She was devoted to art, and was a very productive artist, completing about 2,000 paintings, and filling 140 sketchbooks. Although she had worked as a teacher, a writer, a cartoonist, and a museum curator, and was a mother, she still found time to paint. A full-time job has a tendency to use up all creativity, leaving an artist tired and uninspired by the end of the day. If you want to eventually work as an artist full-time, keep making art, and showing it to the public, as much as you can. Rie was eventually able to live off her art, and having her son manage the business end of things freed her up to paint and travel more.

Rie was adventurous and independent, and traveled and painted with other artists. She traveled all over Alaska, and said that the only two places she never visited are Anaktuvuk Pass, and Kake. Traveling and meeting new people is the best way to find inspiration, so take the time to explore new places, and don’t forget to bring your sketchbook.

One of the reasons Rie was able to live off her art was because her work was distributed through prints, gift items like cards and coffee mugs, and book illustrations. Some artists are hesitant to turn their art into merchandise, because they don’t want to “sell out”, but if your goal is to make a living off your art, then selling an image more than once is a good way to do that. Rie’s paintings made people happy, and she made her art available to more people by making reproductions. Not everyone can afford an original piece of art, and many people are happy to purchase an image that they want to hang on their wall, or give to a friend, even if it’s not an original.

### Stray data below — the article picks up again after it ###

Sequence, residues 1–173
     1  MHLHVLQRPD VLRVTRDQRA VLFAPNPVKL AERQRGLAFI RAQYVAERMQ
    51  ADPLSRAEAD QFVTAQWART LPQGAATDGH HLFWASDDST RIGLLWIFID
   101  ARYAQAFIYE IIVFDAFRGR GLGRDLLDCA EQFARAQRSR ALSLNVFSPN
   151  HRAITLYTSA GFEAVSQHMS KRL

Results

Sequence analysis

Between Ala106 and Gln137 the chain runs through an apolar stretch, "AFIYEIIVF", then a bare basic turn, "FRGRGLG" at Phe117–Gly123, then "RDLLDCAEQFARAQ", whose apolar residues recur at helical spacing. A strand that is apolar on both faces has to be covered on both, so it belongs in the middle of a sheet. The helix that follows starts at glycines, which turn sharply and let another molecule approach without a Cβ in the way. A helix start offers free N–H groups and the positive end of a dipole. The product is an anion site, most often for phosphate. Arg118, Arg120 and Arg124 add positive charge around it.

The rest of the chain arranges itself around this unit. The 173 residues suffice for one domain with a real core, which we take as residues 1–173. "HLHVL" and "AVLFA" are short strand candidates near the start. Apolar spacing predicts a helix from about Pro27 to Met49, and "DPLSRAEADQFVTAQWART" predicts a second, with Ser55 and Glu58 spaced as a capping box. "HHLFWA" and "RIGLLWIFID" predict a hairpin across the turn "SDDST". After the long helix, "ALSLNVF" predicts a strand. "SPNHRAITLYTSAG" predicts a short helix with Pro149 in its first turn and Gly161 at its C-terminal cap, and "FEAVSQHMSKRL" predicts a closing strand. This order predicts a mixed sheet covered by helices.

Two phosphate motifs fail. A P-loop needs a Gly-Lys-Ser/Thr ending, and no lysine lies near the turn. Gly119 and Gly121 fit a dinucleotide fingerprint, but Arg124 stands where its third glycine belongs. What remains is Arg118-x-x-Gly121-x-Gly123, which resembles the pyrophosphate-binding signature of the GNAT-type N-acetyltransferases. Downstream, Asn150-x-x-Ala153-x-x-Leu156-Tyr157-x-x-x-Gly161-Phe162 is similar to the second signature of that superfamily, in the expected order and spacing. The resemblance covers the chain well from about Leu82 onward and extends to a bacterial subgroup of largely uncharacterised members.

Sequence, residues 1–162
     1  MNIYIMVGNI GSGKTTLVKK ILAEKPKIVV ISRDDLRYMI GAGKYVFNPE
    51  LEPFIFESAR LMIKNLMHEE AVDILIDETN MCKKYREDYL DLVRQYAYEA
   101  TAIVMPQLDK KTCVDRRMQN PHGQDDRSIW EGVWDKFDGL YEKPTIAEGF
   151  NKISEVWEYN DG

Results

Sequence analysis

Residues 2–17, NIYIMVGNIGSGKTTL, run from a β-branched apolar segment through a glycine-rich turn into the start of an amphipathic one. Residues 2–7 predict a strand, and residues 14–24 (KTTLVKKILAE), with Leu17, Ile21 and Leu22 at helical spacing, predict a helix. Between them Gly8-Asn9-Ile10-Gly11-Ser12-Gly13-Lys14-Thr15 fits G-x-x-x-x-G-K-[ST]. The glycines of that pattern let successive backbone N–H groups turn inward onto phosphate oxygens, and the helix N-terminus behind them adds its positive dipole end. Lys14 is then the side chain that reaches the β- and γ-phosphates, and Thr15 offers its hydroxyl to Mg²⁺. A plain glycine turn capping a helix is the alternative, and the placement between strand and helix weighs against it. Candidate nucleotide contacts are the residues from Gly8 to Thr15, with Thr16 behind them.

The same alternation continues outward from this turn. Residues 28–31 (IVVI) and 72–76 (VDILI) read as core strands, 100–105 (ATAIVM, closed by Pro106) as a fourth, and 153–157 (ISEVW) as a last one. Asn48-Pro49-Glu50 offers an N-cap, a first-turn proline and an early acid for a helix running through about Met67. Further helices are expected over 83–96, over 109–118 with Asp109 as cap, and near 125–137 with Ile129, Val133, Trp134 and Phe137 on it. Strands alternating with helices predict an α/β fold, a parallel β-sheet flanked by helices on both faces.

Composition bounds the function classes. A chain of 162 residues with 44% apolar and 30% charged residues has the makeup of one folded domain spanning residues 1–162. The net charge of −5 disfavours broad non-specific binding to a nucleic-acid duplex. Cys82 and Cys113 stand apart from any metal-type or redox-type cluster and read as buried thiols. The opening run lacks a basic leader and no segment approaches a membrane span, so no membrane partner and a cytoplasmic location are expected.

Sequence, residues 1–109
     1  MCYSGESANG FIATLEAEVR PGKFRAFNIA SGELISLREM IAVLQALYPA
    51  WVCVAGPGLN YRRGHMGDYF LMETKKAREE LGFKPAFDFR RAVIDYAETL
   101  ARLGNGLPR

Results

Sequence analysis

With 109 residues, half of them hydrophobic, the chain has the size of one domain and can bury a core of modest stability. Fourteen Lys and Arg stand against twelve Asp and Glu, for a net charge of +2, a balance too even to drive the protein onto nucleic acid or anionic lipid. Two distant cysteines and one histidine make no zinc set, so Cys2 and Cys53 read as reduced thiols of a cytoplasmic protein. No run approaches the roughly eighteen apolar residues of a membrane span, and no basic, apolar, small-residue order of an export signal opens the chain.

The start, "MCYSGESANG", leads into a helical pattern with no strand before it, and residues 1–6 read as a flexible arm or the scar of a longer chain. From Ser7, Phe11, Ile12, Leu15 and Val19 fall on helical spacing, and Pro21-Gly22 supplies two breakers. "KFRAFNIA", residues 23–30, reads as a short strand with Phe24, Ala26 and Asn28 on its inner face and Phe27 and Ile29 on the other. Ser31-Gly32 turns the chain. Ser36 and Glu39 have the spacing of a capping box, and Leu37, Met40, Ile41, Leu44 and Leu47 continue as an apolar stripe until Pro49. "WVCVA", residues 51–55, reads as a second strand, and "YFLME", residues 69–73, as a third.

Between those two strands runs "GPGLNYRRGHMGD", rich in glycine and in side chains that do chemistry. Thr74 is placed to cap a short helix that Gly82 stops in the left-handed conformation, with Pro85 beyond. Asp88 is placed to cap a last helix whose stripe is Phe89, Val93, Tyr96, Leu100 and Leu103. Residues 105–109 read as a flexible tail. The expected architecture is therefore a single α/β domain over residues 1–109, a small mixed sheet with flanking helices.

Rie’s advice to other artists is keep painting… and paint what you want. Sometimes the best advice is the simplest.


Rie Muñoz Celebrates 90 Years, Juneau Empire

Well-known Alaska Artist Rie Munoz Dies at 93, Anchorage Dispatch News

Rie Muñoz, Wikipedia